Sheryl Sandbergs Lean In is a massive cultural phenomenon and its title has become an instant catchphrase for empowering women. The book soared to the top of bestseller lists internationally, igniting global conversations about women and ambition. Sandberg packed theatres, dominated opinion pages, appeared on every major television show and on the cover of Time magazine, and sparked ferocious debate about women and leadership.Ask most women whether they have the right to equality at work and the answer will be a resounding yes, but ask the same women whether they'd feel confident asking for a raise, a promotion, or equal pay, and some reticence creeps in.The statistics, although an improvement on previous decades, are certainly not in women's favour of 197 heads of state, only twenty-two are women. Women hold just 20 percent of seats in parliaments globally, and in the world of big business, a meagre eighteen of the Fortune 500 CEOs are women.In Lean In, Sheryl Sandberg Facebook COO and one of Fortune magazine's Most Powerful Women in Business draws on her own experience of working in some of the world's most successful businesses and looks at what women can do to help themselves, and make the small changes in their life that can effect change on a more universal scale....
|Title||:||Lean In: Women, Work, and the Will to Lead|
|Number of Pages||:||217 pages|
|Url Type||:||Home » Lean » Lean In: Women, Work, and the Will to Lead|
Lean In: Women, Work, and the Will to Lead Reviews
Putting aside critiques of her belief in corporate feminism, Sandberg's book reeks of unspoken privilege. Her message for women to transcend difference in the workplace through top leadership positions leaves behind many women who do not have the social agency, time, education, or good health to follow her example.
The whole time I was reading this book, all I could think of was, "Who is her nanny? Does she have the agency to do the things Sandberg talks about? Can her nanny afford a nanny to ta ...more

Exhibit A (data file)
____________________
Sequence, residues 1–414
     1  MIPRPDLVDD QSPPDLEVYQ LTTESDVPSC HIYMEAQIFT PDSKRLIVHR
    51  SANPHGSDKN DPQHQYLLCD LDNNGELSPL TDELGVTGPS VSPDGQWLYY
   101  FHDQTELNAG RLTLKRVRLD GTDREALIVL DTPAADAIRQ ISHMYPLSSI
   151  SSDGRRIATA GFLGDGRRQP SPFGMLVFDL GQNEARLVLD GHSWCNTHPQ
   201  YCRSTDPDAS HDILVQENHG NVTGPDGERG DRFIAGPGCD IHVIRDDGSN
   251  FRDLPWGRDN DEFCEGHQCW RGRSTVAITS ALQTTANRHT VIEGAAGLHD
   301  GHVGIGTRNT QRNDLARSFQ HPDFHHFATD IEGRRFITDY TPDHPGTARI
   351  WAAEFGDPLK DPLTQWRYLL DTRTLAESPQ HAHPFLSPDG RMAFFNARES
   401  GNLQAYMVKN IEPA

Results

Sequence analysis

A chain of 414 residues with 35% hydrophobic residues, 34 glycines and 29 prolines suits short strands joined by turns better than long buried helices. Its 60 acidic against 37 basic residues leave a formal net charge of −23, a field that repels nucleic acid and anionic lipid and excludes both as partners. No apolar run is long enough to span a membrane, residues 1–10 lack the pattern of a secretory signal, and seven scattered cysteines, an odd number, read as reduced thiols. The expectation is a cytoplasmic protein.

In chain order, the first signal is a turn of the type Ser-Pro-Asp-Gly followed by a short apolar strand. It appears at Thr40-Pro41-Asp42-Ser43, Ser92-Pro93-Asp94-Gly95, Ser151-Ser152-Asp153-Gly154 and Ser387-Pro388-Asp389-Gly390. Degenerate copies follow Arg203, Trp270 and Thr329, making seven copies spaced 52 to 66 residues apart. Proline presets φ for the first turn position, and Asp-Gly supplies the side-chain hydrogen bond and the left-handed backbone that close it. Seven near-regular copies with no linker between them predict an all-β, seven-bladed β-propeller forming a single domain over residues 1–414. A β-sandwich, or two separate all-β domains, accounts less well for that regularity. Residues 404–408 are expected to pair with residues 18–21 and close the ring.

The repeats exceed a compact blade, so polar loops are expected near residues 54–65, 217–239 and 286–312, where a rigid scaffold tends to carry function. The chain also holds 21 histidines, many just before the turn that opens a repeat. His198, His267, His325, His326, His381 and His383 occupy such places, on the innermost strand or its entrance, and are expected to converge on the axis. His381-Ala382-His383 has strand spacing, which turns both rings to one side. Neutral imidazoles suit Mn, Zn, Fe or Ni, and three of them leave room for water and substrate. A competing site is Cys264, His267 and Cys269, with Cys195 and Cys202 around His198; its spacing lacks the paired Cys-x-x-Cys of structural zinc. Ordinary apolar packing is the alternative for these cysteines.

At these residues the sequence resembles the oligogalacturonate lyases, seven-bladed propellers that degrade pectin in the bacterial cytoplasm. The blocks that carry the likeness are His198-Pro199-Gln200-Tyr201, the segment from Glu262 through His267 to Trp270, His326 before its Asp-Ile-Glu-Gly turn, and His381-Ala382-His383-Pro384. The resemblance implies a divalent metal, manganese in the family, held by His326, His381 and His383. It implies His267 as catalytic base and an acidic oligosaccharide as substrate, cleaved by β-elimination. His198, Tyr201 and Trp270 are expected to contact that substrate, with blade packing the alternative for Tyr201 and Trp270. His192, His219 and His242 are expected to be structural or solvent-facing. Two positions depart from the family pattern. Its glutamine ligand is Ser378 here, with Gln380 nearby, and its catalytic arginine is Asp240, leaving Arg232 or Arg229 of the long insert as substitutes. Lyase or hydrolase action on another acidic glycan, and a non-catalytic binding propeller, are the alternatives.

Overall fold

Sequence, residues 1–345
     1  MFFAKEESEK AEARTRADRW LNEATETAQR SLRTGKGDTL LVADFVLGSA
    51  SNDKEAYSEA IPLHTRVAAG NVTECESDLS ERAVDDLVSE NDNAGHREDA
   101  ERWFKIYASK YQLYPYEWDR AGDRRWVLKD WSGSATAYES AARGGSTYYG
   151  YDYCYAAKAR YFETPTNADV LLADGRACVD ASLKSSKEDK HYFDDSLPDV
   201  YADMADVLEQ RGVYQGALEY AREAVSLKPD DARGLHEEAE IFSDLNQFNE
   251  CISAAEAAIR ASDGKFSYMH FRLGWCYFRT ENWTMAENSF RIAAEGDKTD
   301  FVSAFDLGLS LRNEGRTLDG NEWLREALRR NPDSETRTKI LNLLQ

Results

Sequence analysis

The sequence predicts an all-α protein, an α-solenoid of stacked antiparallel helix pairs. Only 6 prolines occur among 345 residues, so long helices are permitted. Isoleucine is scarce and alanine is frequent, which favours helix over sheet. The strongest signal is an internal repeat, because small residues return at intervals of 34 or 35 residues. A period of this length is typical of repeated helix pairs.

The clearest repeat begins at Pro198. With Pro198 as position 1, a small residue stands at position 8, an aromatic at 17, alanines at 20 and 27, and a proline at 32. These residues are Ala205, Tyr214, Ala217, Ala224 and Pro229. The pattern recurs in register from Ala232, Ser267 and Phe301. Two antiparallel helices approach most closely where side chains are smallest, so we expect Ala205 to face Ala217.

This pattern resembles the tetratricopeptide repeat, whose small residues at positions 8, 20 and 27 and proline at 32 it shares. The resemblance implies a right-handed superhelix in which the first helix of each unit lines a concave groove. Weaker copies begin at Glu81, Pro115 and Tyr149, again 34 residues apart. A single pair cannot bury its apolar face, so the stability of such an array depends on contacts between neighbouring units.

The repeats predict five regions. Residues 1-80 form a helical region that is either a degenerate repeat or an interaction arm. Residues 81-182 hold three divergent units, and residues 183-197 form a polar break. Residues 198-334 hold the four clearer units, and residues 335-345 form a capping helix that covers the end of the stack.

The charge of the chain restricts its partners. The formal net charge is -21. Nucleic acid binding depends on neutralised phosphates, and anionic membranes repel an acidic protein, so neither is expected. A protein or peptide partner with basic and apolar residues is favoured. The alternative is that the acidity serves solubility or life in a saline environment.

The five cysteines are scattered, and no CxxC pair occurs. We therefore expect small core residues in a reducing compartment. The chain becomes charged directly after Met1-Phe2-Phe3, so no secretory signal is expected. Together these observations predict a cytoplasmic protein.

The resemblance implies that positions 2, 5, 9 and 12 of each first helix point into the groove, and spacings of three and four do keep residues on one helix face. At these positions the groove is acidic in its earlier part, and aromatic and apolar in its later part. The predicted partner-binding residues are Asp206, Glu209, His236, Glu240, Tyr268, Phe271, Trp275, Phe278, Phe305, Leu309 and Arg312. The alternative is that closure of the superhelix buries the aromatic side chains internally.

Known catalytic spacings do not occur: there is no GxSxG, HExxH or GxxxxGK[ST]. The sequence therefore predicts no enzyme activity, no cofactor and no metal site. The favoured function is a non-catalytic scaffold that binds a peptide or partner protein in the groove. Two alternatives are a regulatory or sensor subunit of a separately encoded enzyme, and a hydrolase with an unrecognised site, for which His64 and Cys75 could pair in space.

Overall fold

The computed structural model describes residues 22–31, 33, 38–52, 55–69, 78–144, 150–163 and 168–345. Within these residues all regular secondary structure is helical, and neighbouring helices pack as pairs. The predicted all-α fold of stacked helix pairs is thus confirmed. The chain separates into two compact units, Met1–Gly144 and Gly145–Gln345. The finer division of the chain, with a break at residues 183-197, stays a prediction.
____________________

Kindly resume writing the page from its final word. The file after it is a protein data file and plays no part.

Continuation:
Although this book is certain to help many women, I gave it 4 stars because some of the advice has already been shared in similar books (perhaps without as much research and statistics to back things up) but still...
Someone asked me for a cliffs notes version and the best I can say is to search online for Sheryl Sandberg's TEDWomen talk in 2010. It is a 15 minute long speech that basically sums up her most pertinent points in this book.
This isn't necessarily a book on how to climb the career lad ...more
This book has received so much hype and media coverage that by the time I sat down to read it, I already knew most of the contents.
Sheryl Sandberg, as you probably know, is the chief operating officer of Facebook and is frequently ranked on Most-Powerful-Women lists. This is her so-called feminist manifesto about inspiring women to grab at opportunities in their careers, instead of being filled with self-doubt or assuming that having children would hold them back. She cites a number of differen ...more
This is a great start on this particular conversation, but Sandberg leaves out two large groups of women; women of color and women who are not wealthy. While many women want to sit at the table and lean as far in as the rest of those at the table many women are not invited and/or do not have the means to take the risk. When you are worried about how you are going to pay for today, it is difficult to take the plunge especially if you have others who are dependent on you.
I applaud Sandberg for wr ...more
I give a lot of kudos to Sheryl Sandberg for bringing up a lot of topics that I think are important, under-discussed, under-recognized, and in some cases, did not really have a voice (at least not all in one work). This isn't necessarily a "how-to" book (like 'how to become an amazing woman leader') but more of a book on how to recognize certain traits, characteristics, and behaviors that both men and women possess, and the impact it has on women in the workplace. I applaud Sandberg for stepping ...more
Read this book if you want to get inside the head of a power elite. Read this book if you want to hear about all of the things that women do wrong, to make sure you don't make the same mistakes. And then, read this book if you want to read all about why Marissa Mayer should be supported and treated as our hero, as opposed to our oppressor.
I really wanted to like this book. As a working Mom who has leaned into opportunities, even with a child, I felt the message would resonate with me. And at som ...more
Little story: In my previous department we all got nicknames, all of them meant to be very descriptive of the person but also really positive. They were brainstormed and then voted on, which actually was a really fun team-building. But while most people did indeed get some amazing nicknames, my final one was… ‘Ms Bossy’.
After hearing that, I remember heading to the toilets for a good cry, which is something I hardly ever do (when there are no books/movies or music involved that is). Of everythin ...more
Lean In is being bizarrely mischaracterized. It has issues but it isn't a harmful book to women from any walk of life, not by any stretch of the imagination. The biggest issue with this book is that there's nothing new here, but the retread is blandly interesting. Full review forthcoming,